Legal Experts Say Republican Justice of the Peace's Policy Violates Law
A Republican justice of the peace in Dallas County, Texas, is refusing to perform marriages for same-sex couples based on his religious beliefs, in what appears to be a blatant violation of the law.
"As I said back in June of last year, because of my faith in God as a devout Catholic, I will be only be conducting traditional marriages," Bill Metzger wrote on his Facebook page this week. Metzger cited an opinion issued by Attorney General Ken Paxton that he says "came as a result of a request from Texas Lt. Governor Dan Patrick."
"As such, it is not true for someone to say they are required by law to conduct a non-traditional wedding," Metzger claims.
In that opinion, Paxton concluded judges and justices of the peace "may claim that the government cannot force them to conduct same-sex marriage ceremonies over their religious objections, when other authorized individuals have no objection, because it is not the least restrictive means of the government ensuring the ceremonies occur."
"The strength of any such claim depends on the particular facts of each case," Paxton wrote.
However, Harris County Attorney Vince Ryan issued an opinion addressing the same issue and concluded: "A judge or justice of the peace is authorized to perform a marriage but is under no obligation to do so. However, once the judge elects to undertake the performance of marriages, the service must be offered to all (including same-sex couples) in a non-discriminatory manner."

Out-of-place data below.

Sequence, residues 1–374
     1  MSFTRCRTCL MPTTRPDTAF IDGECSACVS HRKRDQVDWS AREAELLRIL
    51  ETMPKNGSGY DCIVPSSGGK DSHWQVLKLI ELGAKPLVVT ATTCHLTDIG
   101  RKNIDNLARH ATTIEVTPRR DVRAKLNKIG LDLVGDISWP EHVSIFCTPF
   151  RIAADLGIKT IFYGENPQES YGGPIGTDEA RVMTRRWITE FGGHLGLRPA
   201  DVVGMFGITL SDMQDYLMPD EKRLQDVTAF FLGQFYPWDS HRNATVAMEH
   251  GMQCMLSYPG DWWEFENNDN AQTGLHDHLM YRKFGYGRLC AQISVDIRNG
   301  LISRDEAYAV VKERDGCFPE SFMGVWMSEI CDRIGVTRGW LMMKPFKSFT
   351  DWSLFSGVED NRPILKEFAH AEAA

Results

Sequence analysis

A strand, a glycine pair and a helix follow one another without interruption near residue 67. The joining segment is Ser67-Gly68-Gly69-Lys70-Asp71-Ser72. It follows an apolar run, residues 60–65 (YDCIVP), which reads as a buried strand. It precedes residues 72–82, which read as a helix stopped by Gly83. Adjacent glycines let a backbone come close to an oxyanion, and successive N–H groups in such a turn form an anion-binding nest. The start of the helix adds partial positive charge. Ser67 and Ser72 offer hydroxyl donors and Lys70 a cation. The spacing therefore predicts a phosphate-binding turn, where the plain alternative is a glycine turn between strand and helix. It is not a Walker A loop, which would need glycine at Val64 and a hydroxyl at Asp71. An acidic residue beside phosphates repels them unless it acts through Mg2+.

Attorney Cece Cox, executive director of Dallas' LGBT community center, agreed with Ryan.
"If he chooses not to marry a gay couple, he’ll be in violation of the law," Cox told WFAA-TV.
Added retired Dallas County District Judge John Creuzot, a Democrat and longtime LGBT ally:
"He’s not on solid legal footing, either by the laws of the state of Texas, or the Constitution. If I do marriages, I either do none or all. ... It’s a bad signal to be a judge, even if it is a justice of the peace, and then make an independent decision that you’re going to follow the law for some folks and not for others."
In order for Metzler's policy to be declared illegal, someone will have to challenge it. If you're a same-sex couple interested in doing so, contact his office by going here. If he turns you down, call attorney Austin Kaplan at 512-553-9390, or Jan Soifer at 512-583-0451. They're the civil rights attorneys who sued the clerk in Hood County, Texas, when she refused to issue marriage licenses to same-sex couples, eventually winning a $43,000 settlement.
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